FPB 70 Update: Expectant Owners Weigh In

FPB 70-1 with House Top On_comprsd

Proud owners of FPB 70-1, Stan and Val Creighton, have kindly agreed to periodically share their thoughts with us during the FPB 70 build process. Read on to find out what it’s like to be expecting…

By way of introduction, we are Stan and Val Creighton, owners of FPB 64-7 (Buffalo Nickel) and owners-to-be of FPB 70-1. From time to time we’ll be sharing our personal reactions and some backstory, as Steve Dashew’s remarkable new design assumes physical form as a cruising yacht.

Every so often, we receive photos via e-mail documenting construction progress on our boat. As expectant parents of this first FPB 70, we pore over these pics in much the same way as we would ultrasound images of our unborn baby. It’s a rare thrill to be able to watch the process unfold all the way from our distant vantage point in Seattle.

In the above image of three FPB hulls, ours being the one in the center, the first thing we noticed was that our baby now has a head! Her house top is on. As we had hoped and expected, her lines and overall profile look to us like a sleeker version of our FPB 64. Her big sister 78-3 on the right is, naturally, taller in comparison.

The photo below shows 70-1 from aft, looking forward.

FPB 70-1 Aft Deck Looking Forward_comprsd

FPB 70-2 Hull Plating (2)_comprsd

And the skeleton of 70-2 can be seen on the left side above, awaiting its aluminum skin.

We have engaged an expert marine surveyor for local oversight on certain aspects of the construction. Whether in photographs or in person, to us the various welded spots and seams look like a meaningless bunch of dots and dashes. But at appropriate times our engineer has been performing dye penetration testing and X-rays to assess hull and tank integrity. The results have been validating the high degree of confidence we have in Circa Marine’s skill as boat builders.

FPB 70-1 Master Cabin Hull Locker_comprsd

Circa’s ‘chippies,’ as they call their cabinetmakers – I think it’s a Kiwi thing? – have been busy with our interior furnishings. Commissioning the first hull in the 70 series put us in a unique position in terms of having a small bit of input into the interior design of the boat.

FPB 70-1 Locker_comprsd

In order to maximize this opportunity, we have been working with an interior designer of yachts here in Seattle, Sylvia Bolton. It was her suggestion that we request that the wood grain be oriented horizontally. We think it lends a sleek, expansive visual impression in the relatively small spaces aboard a boat.

Posted by admin  (May 26, 2017)

7 Responses to “FPB 70 Update: Expectant Owners Weigh In”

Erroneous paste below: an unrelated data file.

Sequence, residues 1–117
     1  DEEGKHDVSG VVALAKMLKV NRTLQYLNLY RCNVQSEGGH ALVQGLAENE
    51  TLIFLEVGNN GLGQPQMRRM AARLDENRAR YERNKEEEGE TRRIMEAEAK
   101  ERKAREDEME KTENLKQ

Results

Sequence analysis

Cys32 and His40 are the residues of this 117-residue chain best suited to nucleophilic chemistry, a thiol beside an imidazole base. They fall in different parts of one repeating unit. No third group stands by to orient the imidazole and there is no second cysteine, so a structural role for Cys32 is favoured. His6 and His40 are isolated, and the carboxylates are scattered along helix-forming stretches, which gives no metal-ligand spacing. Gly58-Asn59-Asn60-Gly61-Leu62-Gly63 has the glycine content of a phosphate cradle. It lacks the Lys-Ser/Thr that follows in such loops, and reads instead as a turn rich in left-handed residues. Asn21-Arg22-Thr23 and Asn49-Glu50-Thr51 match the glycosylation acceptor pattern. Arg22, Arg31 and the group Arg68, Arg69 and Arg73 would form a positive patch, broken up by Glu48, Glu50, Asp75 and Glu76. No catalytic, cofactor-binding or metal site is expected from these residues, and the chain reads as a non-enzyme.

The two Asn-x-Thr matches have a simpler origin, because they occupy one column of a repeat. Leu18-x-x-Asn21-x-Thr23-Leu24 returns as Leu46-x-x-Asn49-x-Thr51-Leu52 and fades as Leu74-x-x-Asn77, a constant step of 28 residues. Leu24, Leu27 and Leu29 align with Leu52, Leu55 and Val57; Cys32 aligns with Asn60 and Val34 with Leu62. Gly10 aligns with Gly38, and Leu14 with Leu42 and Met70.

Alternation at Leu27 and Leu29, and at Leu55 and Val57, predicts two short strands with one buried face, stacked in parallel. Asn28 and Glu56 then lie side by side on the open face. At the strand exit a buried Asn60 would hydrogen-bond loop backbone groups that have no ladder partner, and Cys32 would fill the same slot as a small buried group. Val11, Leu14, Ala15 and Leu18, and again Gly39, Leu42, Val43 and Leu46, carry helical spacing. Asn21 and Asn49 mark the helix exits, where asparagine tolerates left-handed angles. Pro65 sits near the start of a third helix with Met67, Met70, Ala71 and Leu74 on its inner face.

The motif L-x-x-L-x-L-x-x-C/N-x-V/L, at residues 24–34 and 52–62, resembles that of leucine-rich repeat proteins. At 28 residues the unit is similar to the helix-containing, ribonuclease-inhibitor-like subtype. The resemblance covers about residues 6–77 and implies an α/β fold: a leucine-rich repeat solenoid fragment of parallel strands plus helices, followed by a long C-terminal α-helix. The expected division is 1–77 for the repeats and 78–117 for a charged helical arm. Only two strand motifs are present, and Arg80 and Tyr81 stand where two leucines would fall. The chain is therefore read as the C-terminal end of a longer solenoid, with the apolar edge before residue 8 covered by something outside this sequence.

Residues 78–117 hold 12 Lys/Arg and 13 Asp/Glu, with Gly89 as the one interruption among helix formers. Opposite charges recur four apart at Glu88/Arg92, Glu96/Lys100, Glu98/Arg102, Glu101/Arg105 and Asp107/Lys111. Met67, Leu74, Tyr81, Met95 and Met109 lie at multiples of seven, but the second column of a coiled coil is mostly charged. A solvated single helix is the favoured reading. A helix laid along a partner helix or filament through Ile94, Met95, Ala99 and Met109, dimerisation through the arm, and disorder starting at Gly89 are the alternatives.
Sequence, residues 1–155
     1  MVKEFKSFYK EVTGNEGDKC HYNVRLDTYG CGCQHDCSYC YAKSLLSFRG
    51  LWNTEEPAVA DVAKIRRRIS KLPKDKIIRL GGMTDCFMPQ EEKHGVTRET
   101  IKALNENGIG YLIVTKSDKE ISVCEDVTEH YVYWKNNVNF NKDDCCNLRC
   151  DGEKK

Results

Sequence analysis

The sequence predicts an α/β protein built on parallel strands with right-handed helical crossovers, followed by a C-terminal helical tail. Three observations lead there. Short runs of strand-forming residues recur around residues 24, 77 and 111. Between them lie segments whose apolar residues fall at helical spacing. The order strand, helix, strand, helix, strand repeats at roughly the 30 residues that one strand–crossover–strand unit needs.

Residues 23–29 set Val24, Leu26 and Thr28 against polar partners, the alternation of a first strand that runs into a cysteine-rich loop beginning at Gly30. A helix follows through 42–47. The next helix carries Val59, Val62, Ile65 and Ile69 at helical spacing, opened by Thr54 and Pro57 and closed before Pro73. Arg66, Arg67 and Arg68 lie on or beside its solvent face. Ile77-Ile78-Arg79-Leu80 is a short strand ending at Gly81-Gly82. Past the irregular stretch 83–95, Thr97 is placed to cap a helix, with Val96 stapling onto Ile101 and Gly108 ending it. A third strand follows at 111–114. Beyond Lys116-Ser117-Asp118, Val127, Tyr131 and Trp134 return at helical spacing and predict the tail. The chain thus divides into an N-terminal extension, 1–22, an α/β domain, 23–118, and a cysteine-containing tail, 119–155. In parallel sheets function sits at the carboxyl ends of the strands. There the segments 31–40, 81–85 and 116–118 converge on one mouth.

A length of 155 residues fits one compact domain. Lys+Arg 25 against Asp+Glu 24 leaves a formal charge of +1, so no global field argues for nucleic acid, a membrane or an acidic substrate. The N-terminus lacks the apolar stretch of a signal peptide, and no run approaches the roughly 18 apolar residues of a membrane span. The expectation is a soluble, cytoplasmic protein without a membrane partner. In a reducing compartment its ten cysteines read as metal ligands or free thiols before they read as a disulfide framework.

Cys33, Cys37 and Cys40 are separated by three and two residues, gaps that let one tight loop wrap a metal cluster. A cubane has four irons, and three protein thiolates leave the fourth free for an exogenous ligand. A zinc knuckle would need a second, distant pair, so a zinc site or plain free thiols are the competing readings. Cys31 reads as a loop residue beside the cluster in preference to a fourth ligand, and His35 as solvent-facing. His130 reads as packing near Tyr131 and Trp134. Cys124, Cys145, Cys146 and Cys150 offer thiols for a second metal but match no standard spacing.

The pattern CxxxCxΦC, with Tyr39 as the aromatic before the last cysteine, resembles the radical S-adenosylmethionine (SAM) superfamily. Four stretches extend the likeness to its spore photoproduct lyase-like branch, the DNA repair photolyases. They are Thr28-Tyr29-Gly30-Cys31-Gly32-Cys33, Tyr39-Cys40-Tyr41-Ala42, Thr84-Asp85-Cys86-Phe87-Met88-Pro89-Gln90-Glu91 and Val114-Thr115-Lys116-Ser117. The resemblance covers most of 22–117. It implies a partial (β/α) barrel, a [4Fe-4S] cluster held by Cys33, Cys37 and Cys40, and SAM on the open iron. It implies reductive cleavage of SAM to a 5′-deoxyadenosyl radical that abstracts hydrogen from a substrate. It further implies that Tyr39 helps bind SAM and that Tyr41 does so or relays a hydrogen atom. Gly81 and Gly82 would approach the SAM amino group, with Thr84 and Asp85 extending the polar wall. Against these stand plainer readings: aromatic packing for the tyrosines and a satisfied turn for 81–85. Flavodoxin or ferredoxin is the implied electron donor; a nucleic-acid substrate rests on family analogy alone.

1. Gene Says:

    Hands down one of the most beautiful babies ever =)

    Thank you Stan and Val for letting us “tag along” on your adventure.

  2. PJ Says:

    Great stuff and thank you for sharing!

    Are you willing to describe your basic design and layout ideas, number of staterooms etc.?

  3. Sarah Dashew Says:

    Hi PJ,
    There is lots of pertinent detail on the FPB 70 intro page on the site. Stay tuned for a newly updated page in the next week or so, with new detailed renderings.
    Cheers, Sarah

  4. PJ Says:

    Thank you Sarah, I’ve already chewed through that pile:) It’s just about time I bought my own boat.

  5. Steve B Says:

    The force is strong with this one.

  6. Marco Says:

    Of all the FPBs I am thinking this is my favourite. Nice lines, and the layout seems to address all the questions I had with the other FPBs, though I would be happy with any of them!

  7. Juergen Says:

    Could we Please have a side by side set of Basic Layouts of the 64 – 70 to the 78 layouts and basic stat’s if their are any…
    I was wondering what the 6′ difference was.. I sort of get where the difference of the 64 to 78 Lay.. But the 70’s are an intriguing concept..

    IS there a working formula that you can give to demonstrate the balance[center of Balance] to tip ratio.. ie 10t Below to “X”t’s above a CoB.. because I wonder what the weight increase would need to be to help with extra solar panels on the roof of the matrix deck of the 78’s..
    I understand that the size and actions of the 2 stabilizer fins come into Play..
    ie if I added 6 extra solar Panel assuming that they add 6 x 35kg to the top weight what would you need to add to the bottom..

    -Re Flexible[Thin line] solar Panels I don’t think the technology is at the same stage as the normal[typical design] the weight saving don’t seem to be there to both the weight to Power Produced ratio and the Cost Per Watt Ratio.. current technology put the normal Solar Panels at a A$1 – A$1.25 Per Watt Ratio when compared.. Plus there are some other factor that limit the usage of the Thin solar Panels.. ie heat dissipation..